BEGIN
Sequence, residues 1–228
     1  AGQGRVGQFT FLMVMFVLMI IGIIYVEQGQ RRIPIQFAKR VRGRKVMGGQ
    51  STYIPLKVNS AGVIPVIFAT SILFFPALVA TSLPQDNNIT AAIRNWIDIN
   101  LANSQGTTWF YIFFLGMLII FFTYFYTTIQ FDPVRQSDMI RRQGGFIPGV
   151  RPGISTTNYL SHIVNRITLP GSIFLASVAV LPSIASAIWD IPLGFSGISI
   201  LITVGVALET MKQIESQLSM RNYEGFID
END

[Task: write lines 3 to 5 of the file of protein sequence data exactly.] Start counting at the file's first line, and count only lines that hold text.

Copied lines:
    51  STYIPLKVNS AGVIPVIFAT SILFFPALVA TSLPQDNNIT AAIRNWIDIN
   101  LANSQGTTWF YIFFLGMLII FFTYFYTTIQ FDPVRQSDMI RRQGGFIPGV
   151  RPGISTTNYL SHIVNRITLP GSIFLASVAV LPSIASAIWD IPLGFSGISI